The spread of surface mining in Central Appalachia 1985-2015
The obituaries for the coal industry have been coming for years now, but lately, it seems as though the end is approaching more swiftly.
Dispatches from reporters Bill Estep and Will Wright have documented the supposed “win” of coal companies belonging to the family of West Virginia Gov. Jim Justice finally paying late property taxes, minus penalties and interest, and an increase in environmental violations because the market downturn means companies can’t afford to meet reclamation and other safety requirements.
Most recently, they wrote about the bankruptcies of Revelation and Blackjewel coal companies, which then caused banks to actually claw back paychecks from miners’ bank accounts, leaving them without money for mortgages and other necessities. Families reported bounced checks on bills they had paid with those checks.
All of these problems, coal companies say, are linked to the market downturn for King Coal, which in April and May was outpaced by renewable energy for the first time. The problems have something else in common: They hurt the people who live in these communities, people who have stood by the industry, worked for it, and defended it. Yes, coal has made a great deal of money for a few people, and fueled our nation’s insatiable energy needs for many years. But it’s left environmental degradation and poverty in its wake across Eastern Kentucky. Its demise appears be no different.
Longtime Harlan County resident Roy Silver says the coal industry, along with others “likes to socialize the risk and privatize their profits.” If Revelation (which had the most environmental violations in the state in 2017-2018) goes bankrupt, who then keeps paying for the costs of proper reclamation of a mine site? Most likely, state and federal coffers. If coal tax revenues don’t cover black lung health benefits, money comes out of the U.S. Treasury. If a Blackjewel miner can’t pay his mortgage because the company took his paycheck for work he’d already done and never put it back, he can get state and federal benefits.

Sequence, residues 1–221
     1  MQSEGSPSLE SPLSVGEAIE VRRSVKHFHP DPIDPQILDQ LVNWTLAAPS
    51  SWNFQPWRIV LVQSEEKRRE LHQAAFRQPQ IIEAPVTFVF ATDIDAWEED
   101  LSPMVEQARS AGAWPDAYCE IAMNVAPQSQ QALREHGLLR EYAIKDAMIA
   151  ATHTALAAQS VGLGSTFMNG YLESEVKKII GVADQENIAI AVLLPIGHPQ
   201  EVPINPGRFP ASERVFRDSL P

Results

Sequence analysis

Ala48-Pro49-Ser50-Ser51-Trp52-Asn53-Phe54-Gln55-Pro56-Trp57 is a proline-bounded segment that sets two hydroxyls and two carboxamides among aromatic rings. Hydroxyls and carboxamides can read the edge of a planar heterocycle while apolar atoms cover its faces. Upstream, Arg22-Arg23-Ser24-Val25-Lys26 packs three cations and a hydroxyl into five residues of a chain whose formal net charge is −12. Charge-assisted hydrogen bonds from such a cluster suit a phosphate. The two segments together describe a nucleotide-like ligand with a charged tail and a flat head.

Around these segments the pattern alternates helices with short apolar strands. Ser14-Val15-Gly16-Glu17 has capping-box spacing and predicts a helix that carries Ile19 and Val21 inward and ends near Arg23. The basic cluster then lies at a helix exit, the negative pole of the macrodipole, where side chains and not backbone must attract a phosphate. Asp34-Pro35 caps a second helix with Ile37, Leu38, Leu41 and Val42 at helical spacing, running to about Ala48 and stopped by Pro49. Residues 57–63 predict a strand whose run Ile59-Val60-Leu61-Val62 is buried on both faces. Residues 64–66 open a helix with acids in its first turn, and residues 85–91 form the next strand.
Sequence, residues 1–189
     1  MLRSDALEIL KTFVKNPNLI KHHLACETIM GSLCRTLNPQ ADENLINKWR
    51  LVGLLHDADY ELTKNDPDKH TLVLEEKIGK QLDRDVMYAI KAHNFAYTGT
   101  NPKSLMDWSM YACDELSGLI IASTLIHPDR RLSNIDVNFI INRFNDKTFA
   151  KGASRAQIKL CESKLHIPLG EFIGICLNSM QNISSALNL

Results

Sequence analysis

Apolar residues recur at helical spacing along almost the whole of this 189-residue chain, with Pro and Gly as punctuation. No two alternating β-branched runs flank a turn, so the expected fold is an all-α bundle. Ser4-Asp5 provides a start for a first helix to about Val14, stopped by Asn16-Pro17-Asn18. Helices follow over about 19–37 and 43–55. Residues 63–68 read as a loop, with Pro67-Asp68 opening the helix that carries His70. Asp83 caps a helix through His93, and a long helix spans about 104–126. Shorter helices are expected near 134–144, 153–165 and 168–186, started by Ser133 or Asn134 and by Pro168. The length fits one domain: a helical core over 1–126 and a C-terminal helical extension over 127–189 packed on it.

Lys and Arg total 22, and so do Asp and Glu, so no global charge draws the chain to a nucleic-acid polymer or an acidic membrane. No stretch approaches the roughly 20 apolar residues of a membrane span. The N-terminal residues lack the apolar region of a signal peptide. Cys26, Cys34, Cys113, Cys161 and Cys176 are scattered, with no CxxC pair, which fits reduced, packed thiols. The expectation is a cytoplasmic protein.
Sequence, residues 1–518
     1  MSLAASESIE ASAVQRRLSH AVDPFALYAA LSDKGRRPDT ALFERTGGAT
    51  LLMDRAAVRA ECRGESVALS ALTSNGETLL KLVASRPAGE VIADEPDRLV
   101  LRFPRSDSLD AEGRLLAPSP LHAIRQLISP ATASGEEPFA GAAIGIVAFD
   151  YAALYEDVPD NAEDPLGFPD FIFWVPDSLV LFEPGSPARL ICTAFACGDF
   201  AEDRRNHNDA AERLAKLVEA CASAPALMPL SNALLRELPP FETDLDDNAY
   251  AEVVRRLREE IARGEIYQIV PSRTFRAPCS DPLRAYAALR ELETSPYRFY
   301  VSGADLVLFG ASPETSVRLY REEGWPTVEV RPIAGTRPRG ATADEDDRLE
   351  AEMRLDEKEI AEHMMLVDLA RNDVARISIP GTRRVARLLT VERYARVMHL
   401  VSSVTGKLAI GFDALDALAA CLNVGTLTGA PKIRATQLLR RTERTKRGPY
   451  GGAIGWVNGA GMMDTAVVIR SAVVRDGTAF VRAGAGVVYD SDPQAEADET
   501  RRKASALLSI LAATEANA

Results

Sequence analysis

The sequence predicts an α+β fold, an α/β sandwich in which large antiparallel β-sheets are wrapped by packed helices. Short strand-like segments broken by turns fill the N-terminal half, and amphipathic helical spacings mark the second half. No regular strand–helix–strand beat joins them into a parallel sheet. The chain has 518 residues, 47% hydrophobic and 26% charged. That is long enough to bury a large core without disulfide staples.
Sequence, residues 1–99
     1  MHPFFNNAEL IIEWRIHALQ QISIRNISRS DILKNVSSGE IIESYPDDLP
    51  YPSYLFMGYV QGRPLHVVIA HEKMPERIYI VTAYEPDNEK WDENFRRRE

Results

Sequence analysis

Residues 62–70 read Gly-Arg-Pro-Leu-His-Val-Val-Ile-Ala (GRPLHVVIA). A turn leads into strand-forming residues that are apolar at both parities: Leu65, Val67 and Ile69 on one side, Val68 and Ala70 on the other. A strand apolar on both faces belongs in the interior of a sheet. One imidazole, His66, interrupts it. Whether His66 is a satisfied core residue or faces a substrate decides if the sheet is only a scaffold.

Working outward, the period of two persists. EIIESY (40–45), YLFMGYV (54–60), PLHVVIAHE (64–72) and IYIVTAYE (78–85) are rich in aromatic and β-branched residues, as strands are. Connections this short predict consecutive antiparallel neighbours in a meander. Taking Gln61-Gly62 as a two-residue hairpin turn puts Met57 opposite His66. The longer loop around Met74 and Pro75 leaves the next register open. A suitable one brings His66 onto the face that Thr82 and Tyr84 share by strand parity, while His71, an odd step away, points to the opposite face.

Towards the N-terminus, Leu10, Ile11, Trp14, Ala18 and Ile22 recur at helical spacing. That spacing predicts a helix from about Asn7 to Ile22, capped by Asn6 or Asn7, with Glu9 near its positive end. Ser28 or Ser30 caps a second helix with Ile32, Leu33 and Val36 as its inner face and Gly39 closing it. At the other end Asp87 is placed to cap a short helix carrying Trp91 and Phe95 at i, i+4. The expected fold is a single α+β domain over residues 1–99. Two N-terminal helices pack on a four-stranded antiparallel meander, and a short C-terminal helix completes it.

Blackjewel and Revelation also owe millions to state and federal agencies, including $60 million to the U.S. Department of the Interior and $6 million to the Kentucky State Treasurer, according to Wright and Estep. They also owe millions to private equipment and fuel companies, including “$4 million to Aquatic Resources Management in Lexington, $3.7 million to Jones Oil Company, Inc., in Pikeville, and $2.2 million to Republic Superior Products, LLC., in Lackey.”
“But those at the top of the companies will make out like bandits,” Silver said.
The Blackjewel situation is so egregious, and has caused such an uproar that Gov. Matt Bevin announced Tuesday that the state Labor Cabinet would open an investigation. The press release featured a series of politicians decrying Blackjewel’s actions. “Many of our Eastern Kentucky coal miners have been done wrong,” said Harlan County Judge/Executive Dan Mosley.
Yes, they have, and for longer than since last week. President Donald Trump promised that he would renew the coal economy, but we can see that he’s no match for the free market. And now politicians should turn their attention back to what they will do to help coal miners through these last painful throes of a post-coal economy.
Linda Blackford writes columns and commentary for the Herald-Leader.